Enid Richemont - Creative Writing Books (and other things).

To London's Barbican library yesterday to check out books on creative writing (which I sometimes have to talk about). I often browse through these when I'm going through an arid patch (when I'm working, I don't bother). The same applies, I've found, to books on drawing and painting (I was trained as an artist). Working, actually WORKING, throws up most of the problems they write about, except that, when you're actually doing the stuff, they become just things you deal with. I think these books, when they're good, are useful for exploring the psychological issues involved in writing/drawing/painting, and for suggesting possible new ways of looking - at things, at life, and everything. For this reason, I did, finally, borrow three - one about writing a blockbuster (which I know I shall never do unless it happens naturally), one very New Age American, but which did seem to contain some interesting ideas, and one Buddhism-based curiosity which I rather liked.

The book that really grabbed me, though, was Jennie Erdal's GHOSTING (Canongate) - a memoir of her years as a ghost writer in the 70-80s. She writes beautifully and richly, and I REALLY WANT TO KNOW who the mysterious 'publisher' she mentions is - flamboyant in jewels, mismatched socks, multiple expensive watches, and aristocratic babes (never met one remotely like that). Can there ever be equally flamboyant ebook publishers? Don't think so. Another age, another age...

Two of my picture books with Franklin Watts have been translated into Arabic, and at present we're  contemplating a short, escorted tour to Oman. We've never visited an Arabic/Muslim country before, and for this reason, I began checking out (among other things) children's publishers there, and yes, there are quite a few. Do they ever come to the major European book fairs? And how many authors go to Frankfurt and Bologna? It's always psychologically difficult trying to sell your own work - well, that's what agents are for. I used to design and make medieval play tents and Victorian paper theatres, and it wasn't easy.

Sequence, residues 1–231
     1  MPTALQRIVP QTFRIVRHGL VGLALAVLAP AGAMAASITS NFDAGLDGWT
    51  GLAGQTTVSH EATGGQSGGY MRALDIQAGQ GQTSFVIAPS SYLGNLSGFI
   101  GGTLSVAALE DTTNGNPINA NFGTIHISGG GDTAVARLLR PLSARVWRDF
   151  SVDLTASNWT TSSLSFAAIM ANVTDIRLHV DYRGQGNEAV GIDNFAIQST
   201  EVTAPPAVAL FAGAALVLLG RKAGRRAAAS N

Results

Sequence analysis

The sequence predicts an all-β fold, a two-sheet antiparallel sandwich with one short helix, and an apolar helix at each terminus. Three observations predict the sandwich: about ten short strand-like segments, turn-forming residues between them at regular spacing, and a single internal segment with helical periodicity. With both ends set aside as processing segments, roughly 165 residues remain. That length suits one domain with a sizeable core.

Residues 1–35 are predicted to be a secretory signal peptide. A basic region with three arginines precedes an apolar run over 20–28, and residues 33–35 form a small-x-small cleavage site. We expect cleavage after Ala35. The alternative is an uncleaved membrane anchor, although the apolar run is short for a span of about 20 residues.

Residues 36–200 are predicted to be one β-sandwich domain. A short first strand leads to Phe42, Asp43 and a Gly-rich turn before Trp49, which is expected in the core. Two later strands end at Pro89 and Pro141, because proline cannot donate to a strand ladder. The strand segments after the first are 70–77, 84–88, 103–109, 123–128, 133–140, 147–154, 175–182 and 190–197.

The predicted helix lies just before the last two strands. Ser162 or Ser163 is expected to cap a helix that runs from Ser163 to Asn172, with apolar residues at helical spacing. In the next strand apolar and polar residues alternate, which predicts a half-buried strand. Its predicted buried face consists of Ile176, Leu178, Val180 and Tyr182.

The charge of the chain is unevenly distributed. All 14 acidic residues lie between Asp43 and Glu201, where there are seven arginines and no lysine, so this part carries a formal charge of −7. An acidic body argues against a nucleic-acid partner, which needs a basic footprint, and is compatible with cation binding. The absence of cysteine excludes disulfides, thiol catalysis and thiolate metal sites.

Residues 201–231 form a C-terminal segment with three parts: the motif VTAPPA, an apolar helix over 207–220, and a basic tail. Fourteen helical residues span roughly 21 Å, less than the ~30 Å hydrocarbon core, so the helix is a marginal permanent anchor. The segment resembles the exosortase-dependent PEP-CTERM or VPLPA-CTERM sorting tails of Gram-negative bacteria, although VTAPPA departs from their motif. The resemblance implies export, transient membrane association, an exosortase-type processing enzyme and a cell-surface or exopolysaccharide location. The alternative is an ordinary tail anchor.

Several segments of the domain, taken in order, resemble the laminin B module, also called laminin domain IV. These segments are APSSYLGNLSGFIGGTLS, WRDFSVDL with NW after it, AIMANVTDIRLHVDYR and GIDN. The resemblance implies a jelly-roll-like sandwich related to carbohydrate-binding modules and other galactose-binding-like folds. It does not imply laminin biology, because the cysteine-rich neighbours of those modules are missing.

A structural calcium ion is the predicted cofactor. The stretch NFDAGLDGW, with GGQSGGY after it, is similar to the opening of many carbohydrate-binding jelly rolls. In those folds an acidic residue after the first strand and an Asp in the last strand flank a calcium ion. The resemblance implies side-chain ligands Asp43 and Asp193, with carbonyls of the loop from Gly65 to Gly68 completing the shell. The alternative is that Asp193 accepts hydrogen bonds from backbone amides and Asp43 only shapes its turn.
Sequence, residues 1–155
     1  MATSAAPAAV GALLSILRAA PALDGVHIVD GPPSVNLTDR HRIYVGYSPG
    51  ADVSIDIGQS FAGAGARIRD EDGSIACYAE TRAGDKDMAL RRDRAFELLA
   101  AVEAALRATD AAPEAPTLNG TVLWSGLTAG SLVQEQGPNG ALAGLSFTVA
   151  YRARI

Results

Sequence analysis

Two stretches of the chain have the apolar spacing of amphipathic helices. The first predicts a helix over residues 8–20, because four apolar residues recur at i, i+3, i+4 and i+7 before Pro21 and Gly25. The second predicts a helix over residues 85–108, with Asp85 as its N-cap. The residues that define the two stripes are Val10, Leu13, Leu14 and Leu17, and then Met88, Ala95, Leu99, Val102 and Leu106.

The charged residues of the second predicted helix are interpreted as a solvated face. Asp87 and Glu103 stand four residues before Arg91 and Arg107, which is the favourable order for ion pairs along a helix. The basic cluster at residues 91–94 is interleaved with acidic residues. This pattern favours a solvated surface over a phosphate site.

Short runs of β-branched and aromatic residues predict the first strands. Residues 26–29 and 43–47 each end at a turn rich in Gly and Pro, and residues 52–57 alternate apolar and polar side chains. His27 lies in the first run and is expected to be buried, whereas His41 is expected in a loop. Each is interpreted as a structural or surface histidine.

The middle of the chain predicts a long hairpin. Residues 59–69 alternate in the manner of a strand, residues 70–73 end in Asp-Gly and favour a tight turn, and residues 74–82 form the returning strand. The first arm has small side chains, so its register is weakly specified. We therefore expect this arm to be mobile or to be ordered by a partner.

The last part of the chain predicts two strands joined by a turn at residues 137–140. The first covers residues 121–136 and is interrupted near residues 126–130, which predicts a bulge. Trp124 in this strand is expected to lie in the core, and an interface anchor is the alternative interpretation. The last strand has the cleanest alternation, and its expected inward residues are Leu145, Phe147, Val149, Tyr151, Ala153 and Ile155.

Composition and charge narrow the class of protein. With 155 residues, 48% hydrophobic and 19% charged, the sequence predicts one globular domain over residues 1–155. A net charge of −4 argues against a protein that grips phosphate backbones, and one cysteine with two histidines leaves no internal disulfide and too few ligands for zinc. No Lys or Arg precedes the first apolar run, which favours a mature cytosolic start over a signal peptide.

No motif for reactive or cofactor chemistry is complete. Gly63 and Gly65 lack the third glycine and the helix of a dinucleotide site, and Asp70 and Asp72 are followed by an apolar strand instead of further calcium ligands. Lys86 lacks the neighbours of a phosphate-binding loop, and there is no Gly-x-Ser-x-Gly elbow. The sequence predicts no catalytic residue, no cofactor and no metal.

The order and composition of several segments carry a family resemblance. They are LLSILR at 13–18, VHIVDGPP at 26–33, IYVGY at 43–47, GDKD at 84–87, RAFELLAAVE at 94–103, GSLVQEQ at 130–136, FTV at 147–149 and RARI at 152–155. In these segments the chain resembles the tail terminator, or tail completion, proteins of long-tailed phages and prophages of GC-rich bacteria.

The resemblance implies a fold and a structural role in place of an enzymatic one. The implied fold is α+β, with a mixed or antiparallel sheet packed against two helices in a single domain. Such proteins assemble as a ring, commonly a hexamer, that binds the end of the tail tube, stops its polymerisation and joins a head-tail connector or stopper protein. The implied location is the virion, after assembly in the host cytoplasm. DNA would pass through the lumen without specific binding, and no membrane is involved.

Conventional publishing-wise, the absolutely worst part, these days, is waiting for responses, and for people like me, still accustomed to the author nurturing which used to happen at Walker Books with Sebastian and Wendy, it's a killer. I'm also the world's worst wait-er, which is where ebooks come into the picture. It will be so interesting to see how it all develops, which is why I've switched myself on as an ElectricAuthor....crackle and zing!


Andrew Crofts said…
Hi, Enid,

The publisher depicted so well in Jennie Erdal's excellent book is Naim Attallah, founder of Quarto books.
Andrew Crofts
madwippitt said…
But although you're missing it, how lovely to have experienced publisher nurturing!
How brave of you to read books about writing. I started reading one once and it made me feel so useless I had to stop before it made me give up completely.
Linda Newbery said…
I was interested in your comments, Enid, as I will soon be co-writing a book about writing! Good luck with the trip to Oman. Should be fascinating.

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